Today's data platform's are not fit the future, and are struggling with the needs of the present.
That's the view of Richard Feltham, sales director at Scality, speaking at Computing's recent Deskflix event on data mobility.
"For nearly all companies today your data holds the power to transform your business," Feltham began. "You can harness the full potential of data through new services to new uses."
He continued: "Unstructured data is the new norm. Data is now created everywhere. Massive volumes are created in the enterprise, the cloud, and also at the edge. It's not unusual for companies of all types to manage multiple petabytes of data."
He explained that most of this growth is in unstructured data, which has no existing or pre-defined model describing its organisation. Examples include videos, pictures, text, emails, audio files, and more.
"Most of the growth is in unstructured data. At large scale data becomes much more difficult to store, protect and keep available. And it's especially challenging at a cost that businesses can afford today. The costs are in both in the technologies required to store and manage data at scale, but also in the skills and resources needed to operate them."
In Feltham's view, storage is fundamental to the business, and is about more than simply storing information.
"Storage needs to be more than a tool to store data. It needs to become a strategic platform. This means data needs to be on a platform that can protect it, make it easily accessible all the time to users, and empower them to extract its value.
"This data platform needs to evolve over time so it can continuously provide better efficiency in cost, people and service delivery.
"Traditional data storage isn't designed to handle this new world of petabyte-scale, always-on, global cloud, edge-connected data. That puts a new demand on your people and your technology infrastructure.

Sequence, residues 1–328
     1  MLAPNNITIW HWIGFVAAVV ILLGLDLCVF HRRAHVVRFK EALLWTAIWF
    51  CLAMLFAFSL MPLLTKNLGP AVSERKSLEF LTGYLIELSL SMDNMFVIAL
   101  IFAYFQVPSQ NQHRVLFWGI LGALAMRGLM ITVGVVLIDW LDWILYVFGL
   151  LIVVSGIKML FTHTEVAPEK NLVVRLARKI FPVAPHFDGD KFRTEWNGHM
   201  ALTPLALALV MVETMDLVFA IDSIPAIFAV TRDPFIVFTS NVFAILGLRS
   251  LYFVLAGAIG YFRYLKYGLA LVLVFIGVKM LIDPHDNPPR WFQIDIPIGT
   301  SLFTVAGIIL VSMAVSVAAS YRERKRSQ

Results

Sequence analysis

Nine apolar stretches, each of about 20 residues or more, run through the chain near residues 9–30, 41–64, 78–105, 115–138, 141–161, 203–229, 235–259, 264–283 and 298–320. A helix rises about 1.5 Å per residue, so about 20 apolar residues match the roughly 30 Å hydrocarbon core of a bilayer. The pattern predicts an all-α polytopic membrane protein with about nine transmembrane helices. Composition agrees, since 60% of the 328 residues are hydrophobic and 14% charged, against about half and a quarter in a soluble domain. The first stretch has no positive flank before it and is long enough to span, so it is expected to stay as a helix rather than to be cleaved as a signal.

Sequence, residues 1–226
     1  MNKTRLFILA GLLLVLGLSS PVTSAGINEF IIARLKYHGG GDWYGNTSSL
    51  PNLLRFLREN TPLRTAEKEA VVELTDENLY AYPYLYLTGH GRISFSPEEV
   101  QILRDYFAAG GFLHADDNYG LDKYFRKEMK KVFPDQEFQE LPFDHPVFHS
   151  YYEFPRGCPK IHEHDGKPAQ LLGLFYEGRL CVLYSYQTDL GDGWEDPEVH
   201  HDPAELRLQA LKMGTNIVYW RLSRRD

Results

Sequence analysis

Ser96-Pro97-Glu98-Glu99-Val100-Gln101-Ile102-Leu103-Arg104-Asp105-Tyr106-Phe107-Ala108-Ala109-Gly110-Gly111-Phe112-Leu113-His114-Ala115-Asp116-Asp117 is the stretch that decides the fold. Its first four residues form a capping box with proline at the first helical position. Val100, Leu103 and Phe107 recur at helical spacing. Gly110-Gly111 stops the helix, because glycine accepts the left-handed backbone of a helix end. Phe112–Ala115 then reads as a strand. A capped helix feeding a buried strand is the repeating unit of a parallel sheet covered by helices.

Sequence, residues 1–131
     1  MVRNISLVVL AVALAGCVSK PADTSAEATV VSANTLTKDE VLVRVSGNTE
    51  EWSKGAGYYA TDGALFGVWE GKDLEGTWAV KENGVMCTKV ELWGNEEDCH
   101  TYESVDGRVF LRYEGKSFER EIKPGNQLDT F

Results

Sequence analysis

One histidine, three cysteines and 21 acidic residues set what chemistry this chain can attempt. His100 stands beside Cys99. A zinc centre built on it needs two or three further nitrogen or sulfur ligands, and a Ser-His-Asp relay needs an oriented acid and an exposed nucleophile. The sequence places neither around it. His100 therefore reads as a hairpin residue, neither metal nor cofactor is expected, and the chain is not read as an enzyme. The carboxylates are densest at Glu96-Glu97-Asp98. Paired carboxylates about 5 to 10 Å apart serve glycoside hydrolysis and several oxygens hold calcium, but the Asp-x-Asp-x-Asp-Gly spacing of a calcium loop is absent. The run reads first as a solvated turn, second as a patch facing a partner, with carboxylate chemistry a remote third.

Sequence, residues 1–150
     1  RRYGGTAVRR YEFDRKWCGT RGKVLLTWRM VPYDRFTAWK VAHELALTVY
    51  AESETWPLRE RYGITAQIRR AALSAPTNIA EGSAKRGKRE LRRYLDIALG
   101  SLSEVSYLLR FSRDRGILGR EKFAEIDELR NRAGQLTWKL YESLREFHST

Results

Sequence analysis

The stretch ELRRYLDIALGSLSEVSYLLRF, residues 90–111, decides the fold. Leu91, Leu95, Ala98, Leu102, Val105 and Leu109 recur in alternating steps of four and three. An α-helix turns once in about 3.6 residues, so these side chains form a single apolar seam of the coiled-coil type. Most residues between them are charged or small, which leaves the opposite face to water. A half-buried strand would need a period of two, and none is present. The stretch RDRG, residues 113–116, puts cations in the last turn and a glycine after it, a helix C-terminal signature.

"Much of your storage administrator's time today is spent juggling data across multiple platforms and silos, keeping data securely available 24/7 to multiple applications, managing data as it spans from on-premise to public clouds and the edge, and managing so much data that it becomes cost prohibitive to store, forcing a choice between what data is maintained, and what is not."
The answer, he said, is in new software-defined storage architectures.
"Todays' data platforms need to fundamentally change. A data platform needs to provide scalability but be agile at the same time. This begins with new software-based data storage infrastructures that can provide the following four key capabilities:
- Unlimited scale in terms of capacity and performance but also support legacy and cloud-native applications.
- Data durability at highest levels to ensure data can live long-terms at the highest integrity.
- Provide architectures that enable freedom of choice and future-proof your deployed platforms.
- Support for geo-distribution and cloud technologies that enable data mobility between on-premises and the public cloud with any type of data and workload.
"Ultimately the data platform needs to be simple, flexible, and be affordable."
Computing's next Deskflix virtual event will be on Cyber Security, broadcast live on the 18th June.
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